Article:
Now that we have defined uncertainty and given it a unit of measure, we shall put information in terms of uncertainty. Let us examine our boxes with the blue ball again, but for simplicity, let's say there are just eight boxes. At the start, before the ball's location is known, there is an uncertainty of 3 bits ( ) [equations (2) and (13)]. After the ball has been located, there is no uncertainty as to where the ball is. After all, you are staring right at it. Since your uncertainty has gone from 3 bits to 0 bits, you have GAINED 3 bits of information.
Now suppose we play the guessing game, but that
I refuse to tell you the answer to the last yes-no
question you ask. Before playing the game your uncertainty is 3 bits, but
after the game is over, you still don't know which box the blue ball is in.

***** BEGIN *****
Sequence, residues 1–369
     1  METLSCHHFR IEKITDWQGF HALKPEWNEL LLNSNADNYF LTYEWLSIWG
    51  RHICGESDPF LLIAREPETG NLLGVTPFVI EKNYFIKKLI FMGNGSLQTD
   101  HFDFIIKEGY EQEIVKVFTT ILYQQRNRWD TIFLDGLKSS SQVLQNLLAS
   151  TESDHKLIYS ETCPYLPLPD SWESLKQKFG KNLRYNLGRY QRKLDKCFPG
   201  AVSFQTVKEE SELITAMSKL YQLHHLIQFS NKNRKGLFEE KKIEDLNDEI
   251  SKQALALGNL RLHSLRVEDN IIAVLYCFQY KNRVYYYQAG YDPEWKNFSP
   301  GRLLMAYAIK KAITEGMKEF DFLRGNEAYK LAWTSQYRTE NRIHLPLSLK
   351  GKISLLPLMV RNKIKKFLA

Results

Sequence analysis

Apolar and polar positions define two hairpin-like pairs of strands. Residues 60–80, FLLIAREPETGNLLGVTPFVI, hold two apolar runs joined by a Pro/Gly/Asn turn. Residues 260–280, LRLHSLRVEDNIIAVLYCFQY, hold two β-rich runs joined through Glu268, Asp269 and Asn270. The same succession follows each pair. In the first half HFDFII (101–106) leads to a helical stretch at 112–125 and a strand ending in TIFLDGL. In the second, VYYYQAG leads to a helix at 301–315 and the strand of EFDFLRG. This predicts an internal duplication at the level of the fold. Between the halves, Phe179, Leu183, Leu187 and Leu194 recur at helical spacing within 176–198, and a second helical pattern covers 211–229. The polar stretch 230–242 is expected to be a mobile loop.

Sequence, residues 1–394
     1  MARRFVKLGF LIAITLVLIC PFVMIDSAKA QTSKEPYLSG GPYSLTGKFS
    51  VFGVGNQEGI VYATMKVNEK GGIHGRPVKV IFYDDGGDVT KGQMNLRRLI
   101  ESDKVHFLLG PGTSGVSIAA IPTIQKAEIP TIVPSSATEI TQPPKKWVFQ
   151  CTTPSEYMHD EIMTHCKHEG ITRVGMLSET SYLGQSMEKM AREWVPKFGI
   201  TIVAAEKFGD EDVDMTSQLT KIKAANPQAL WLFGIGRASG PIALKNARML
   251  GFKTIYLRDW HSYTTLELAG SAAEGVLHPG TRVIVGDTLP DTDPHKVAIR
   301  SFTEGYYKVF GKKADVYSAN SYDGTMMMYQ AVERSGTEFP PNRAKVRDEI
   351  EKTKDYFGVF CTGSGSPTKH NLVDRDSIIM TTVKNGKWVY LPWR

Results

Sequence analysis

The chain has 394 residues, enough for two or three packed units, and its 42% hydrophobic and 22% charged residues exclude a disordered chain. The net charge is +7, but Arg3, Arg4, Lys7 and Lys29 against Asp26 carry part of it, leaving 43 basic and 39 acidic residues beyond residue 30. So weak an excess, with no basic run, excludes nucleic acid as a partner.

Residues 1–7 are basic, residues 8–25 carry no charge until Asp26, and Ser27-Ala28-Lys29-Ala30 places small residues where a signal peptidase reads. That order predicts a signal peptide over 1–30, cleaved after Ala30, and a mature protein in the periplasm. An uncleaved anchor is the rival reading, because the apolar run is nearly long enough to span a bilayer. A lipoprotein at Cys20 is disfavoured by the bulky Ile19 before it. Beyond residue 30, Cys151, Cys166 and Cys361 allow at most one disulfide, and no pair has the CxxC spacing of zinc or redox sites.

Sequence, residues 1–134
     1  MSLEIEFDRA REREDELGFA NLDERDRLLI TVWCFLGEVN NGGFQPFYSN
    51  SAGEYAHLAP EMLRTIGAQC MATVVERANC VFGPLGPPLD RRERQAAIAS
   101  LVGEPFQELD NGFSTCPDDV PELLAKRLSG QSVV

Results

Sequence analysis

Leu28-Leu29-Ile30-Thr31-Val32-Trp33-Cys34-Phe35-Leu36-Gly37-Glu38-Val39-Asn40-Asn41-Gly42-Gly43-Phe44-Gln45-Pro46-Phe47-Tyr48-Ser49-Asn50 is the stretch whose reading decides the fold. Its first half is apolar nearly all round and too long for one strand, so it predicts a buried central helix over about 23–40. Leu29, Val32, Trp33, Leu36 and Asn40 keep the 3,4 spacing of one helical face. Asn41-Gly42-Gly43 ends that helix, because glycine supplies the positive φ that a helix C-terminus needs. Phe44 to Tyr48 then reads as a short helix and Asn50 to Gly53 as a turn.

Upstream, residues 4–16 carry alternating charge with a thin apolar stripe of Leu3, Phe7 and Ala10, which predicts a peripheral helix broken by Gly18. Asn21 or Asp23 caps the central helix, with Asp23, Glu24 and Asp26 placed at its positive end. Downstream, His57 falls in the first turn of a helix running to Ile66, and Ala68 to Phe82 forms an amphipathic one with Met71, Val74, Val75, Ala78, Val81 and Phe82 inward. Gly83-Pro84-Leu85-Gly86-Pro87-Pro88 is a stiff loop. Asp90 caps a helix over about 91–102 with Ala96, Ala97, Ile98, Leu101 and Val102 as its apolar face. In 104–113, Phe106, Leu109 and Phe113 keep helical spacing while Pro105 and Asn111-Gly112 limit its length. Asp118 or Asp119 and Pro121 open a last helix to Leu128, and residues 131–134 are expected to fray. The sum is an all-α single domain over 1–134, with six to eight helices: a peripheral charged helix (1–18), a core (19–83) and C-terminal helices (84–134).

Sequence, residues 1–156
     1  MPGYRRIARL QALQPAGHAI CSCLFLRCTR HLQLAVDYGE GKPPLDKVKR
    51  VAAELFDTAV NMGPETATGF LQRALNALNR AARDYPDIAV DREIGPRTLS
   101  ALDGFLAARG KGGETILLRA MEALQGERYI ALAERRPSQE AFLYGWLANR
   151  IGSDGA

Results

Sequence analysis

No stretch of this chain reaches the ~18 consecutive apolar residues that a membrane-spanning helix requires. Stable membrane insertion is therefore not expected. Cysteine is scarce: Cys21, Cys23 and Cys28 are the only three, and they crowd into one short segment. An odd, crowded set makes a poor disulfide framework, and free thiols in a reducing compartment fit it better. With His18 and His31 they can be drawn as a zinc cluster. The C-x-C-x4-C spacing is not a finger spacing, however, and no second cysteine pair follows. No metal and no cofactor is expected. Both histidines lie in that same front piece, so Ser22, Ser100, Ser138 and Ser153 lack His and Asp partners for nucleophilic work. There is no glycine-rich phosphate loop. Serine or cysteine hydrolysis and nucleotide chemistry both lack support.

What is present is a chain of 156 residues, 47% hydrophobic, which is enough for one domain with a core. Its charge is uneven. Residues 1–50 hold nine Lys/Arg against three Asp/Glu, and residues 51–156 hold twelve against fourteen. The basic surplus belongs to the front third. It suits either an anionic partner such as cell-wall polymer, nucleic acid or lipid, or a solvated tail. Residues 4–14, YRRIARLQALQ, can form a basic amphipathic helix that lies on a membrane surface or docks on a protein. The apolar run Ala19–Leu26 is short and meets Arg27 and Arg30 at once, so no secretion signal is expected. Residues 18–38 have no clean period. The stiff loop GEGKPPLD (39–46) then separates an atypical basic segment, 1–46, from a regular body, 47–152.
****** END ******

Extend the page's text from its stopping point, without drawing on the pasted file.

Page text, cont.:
Because you are still uncertain by 1 bit, you learned from me
only 3 - 1 = 2 bits.
In other words,
the uncertainty (H) before the input is received
minus the uncertainty after
it is received is
the information you gained (R):
There were 12 lambda cI and cro binding sites, 8 lambda O binding sites, 58 CRP binding sites, 34 ArgR binding sites, 38 LexA binding sites, 8 TrpR binding sites and 12 AraC binding sites. See .
Words from the Unix dictionary, /usr/dict/words, were aligned by their first letter. Vowels are darker and consonants are lighter. In color versions of this paper, vowels are red, consonants are green and the letter Y is in blue.
Words were aligned by their first letter. In color versions of this paper, vowels are red, consonants are green and the letter Y is in blue.
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